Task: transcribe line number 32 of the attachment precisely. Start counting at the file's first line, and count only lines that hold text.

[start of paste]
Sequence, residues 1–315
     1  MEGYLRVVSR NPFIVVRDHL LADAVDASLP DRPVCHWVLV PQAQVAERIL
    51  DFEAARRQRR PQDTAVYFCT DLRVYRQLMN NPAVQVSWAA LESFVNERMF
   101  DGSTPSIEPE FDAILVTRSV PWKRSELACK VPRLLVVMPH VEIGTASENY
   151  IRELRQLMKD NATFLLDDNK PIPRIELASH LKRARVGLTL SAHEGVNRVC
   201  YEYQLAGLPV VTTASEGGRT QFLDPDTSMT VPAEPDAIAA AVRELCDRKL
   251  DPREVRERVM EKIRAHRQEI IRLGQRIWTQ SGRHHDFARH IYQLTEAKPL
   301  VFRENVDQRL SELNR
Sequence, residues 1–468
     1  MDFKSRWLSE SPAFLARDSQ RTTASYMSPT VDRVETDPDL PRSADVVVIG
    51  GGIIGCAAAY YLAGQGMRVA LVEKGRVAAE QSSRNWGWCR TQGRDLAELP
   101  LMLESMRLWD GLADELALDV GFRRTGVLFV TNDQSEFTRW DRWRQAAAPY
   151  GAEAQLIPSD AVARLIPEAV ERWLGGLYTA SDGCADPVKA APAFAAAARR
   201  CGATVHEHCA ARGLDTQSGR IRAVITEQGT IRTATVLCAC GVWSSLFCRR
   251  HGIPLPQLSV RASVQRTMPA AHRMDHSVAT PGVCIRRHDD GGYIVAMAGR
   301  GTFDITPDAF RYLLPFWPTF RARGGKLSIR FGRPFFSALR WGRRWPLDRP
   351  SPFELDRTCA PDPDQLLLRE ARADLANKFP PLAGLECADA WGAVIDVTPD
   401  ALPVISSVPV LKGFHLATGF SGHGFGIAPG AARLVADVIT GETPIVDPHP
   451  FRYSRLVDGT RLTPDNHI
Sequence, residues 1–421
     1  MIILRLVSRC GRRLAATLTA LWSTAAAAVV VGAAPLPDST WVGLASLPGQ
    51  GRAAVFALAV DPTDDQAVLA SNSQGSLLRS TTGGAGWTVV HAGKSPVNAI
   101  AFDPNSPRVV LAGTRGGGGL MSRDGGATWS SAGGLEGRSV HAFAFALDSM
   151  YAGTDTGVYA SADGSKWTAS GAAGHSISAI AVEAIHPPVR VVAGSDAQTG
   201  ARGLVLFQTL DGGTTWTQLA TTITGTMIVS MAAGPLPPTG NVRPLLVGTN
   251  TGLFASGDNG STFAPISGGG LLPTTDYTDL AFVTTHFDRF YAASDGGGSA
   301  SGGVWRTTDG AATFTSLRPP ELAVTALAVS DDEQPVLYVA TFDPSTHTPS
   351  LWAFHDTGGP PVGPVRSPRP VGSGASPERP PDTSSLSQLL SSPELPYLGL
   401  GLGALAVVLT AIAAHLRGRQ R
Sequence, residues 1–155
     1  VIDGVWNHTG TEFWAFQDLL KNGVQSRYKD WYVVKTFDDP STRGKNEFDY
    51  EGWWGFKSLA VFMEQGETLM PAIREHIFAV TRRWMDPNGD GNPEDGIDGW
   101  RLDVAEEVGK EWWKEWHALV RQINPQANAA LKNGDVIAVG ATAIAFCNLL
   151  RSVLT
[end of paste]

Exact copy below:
    51  EGWWGFKSLA VFMEQGETLM PAIREHIFAV TRRWMDPNGD GNPEDGIDGW